In the 1880s, the Ute Indians were once again displaced from their native territory when a migration of primarily European ranchers settled in the Brush Creek Valley, the area we now know as Snowmass Village. Soon sheep and cattle and fields of wheat and hay filled the valley, surrounded by the magnificent peaks of the Elk Mountain Range – Mt. Baldy, Mt. Daly, Capitol Peak – to name a few.
Following the silver bust that silenced the mining industry in the late 1890s, Charles Hoaglund, a Swedish native, was hired to close down the Smuggler Mine. In the early 1900s he brought his family to the Brush Creek Valley where they became one of the foremost ranching families in the area. Many of the buildings from the Hoaglund property can be found today on the campus of the Anderson Ranch Arts Center. The one-room schoolhouse established in 1894, which daughter Hilda Hoaglund attended, remains a viable part of life in Snowmass. It is The Little Red Schoolhouse.
Many of the immigrant ranchers lived a rather quiet and isolated life during the 1940s and 1950s. While many of the early settlers were Scandinavian and ski equipment was not foreign to them, it wasn’t until 1958 that the seeds of a ski mountain were planted. That year, Bill Janss, a former ski champion, secretively began buying many ranches at the base of Burnt and Baldy mountains with the goal to develop a world-class ski resort like Aspen.
In 1967, with permits from the U.S. Forest Service in place, the 3,300 acre Snowmass-at-Aspen opened and in 1977 the Town of Snowmass Village was incorporated. Janss’ vision was clearly realized. Today Snowmass is a top-ranked ski resort that draws skiers from around the globe.
Facts: The Mall at Snowmass Village sits at an elevation of 8,223 feet while the highest point within the ski boundary is 12,510 feet; the year round population is just under 3,000 residents; the land area is 25.5 square miles and is home to the second largest ski area in the United States with a vertical drop of 4,406 feet, the most vertical in the country.
Snowmass will soon turn fifty years old. It has grown dramatically from primarily being a winter ski destination to becoming a year round recreational paradise. Downhill skiing and snowboarding predominate in winter though cross-country skiing, snow-shoeing and, more recently, uphilling are popular seasonal pastimes. But come the spring, summer and fall, then hiking, mountain biking, rafting, golfing, fly-fishing, off-road Jeeping, horse-back riding and even an old fashioned rodeo fill the day. There is no more beautiful time of year to enjoy the best Mother Nature has to offer than in autumn when the aspen leaves turn golden yellow and a quieter pace prevails. An easy hike or Sunday drive is magical.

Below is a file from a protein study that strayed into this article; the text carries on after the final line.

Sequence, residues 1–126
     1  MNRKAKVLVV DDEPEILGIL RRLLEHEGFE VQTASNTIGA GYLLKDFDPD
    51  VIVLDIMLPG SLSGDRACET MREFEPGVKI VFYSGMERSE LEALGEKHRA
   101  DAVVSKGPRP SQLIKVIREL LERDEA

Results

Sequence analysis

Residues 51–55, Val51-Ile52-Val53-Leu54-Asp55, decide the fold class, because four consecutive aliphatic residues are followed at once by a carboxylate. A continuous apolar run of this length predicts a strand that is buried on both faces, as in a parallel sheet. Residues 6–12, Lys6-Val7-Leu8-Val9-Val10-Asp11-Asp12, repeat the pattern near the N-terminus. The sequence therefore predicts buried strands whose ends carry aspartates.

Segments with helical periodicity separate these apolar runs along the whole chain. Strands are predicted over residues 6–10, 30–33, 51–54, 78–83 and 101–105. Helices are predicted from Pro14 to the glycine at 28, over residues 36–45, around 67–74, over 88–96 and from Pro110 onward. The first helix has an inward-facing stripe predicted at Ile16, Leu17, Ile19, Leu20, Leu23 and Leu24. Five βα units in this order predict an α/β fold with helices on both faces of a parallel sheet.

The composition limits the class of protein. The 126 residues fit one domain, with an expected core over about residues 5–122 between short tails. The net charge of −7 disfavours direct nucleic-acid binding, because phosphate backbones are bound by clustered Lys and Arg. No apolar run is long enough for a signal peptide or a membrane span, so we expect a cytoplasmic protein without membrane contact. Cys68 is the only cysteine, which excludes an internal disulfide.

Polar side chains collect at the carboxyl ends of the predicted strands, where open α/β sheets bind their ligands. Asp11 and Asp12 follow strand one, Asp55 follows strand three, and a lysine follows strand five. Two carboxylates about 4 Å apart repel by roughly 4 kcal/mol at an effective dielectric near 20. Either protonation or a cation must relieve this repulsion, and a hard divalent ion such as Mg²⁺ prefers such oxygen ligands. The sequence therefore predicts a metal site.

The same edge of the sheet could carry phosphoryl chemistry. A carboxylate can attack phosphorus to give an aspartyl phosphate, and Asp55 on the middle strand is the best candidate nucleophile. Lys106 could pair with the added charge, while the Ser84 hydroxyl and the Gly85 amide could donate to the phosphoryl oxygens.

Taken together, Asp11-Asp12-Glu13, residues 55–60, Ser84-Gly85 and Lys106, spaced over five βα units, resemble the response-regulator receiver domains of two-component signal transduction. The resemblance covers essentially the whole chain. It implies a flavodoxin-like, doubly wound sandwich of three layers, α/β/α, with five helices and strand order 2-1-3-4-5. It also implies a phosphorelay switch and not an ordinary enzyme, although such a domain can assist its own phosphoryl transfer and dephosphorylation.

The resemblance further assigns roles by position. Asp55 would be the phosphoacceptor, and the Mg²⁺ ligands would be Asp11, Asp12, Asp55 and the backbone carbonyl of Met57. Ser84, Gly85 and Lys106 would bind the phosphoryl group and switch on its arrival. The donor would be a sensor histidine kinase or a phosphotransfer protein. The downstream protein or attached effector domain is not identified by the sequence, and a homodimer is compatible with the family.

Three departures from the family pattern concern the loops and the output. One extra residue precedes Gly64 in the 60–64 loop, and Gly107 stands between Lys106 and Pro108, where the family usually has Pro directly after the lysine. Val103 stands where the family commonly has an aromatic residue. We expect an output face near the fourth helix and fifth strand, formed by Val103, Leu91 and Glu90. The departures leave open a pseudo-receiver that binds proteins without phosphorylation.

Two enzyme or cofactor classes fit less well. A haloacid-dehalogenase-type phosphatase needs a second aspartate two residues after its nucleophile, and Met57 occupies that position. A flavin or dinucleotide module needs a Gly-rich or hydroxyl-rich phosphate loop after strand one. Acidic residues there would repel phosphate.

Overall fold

The world famous Anderson Arts Ranch, founded in 1966 by ceramicist Paul Soldner, is located on an idyllic five acre mountain campus minutes from the Village. The facility offers summer workshops in all areas of artistic expression – ceramics, sculpture, photography, printmaking, furniture building, painting and drawing. Additionally, the Ranch conducts several art auctions throughout the season. Ten-week long artist-in-residence programs and exhibits in the gallery fill the calendar during fall, winter and spring.
There is no lack of special events in Snowmass all year long with a myriad of mountain races, music festivals, food and wine gatherings, holiday celebrations, a hot air balloon weekend, and more.
With the development of Base Village, accommodations for visitors, shopping options and dining choices have expanded in recent years. Snowmass has evolved into an ideal place for families to create priceless memories and for organizations to hold conventions and meetings.
Private residences, whether condominium units or single-family homes, range from relatively modest to multi-million dollar properties, all located on the mountainside surrounding the ski area. Many luxury homes are ski-in, ski-out and many estates sit on large parcels of lush land with magnificent views.
All the above, and just 15 minutes from Aspen.
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